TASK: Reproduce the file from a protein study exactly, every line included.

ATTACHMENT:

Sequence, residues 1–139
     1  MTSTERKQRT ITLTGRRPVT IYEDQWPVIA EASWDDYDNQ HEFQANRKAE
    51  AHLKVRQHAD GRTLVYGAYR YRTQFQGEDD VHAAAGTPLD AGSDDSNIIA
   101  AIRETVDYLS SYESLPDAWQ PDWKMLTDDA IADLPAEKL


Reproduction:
Sequence, residues 1–139
     1  MTSTERKQRT ITLTGRRPVT IYEDQWPVIA EASWDDYDNQ HEFQANRKAE
    51  AHLKVRQHAD GRTLVYGAYR YRTQFQGEDD VHAAAGTPLD AGSDDSNIIA
   101  AIRETVDYLS SYESLPDAWQ PDWKMLTDDA IADLPAEKL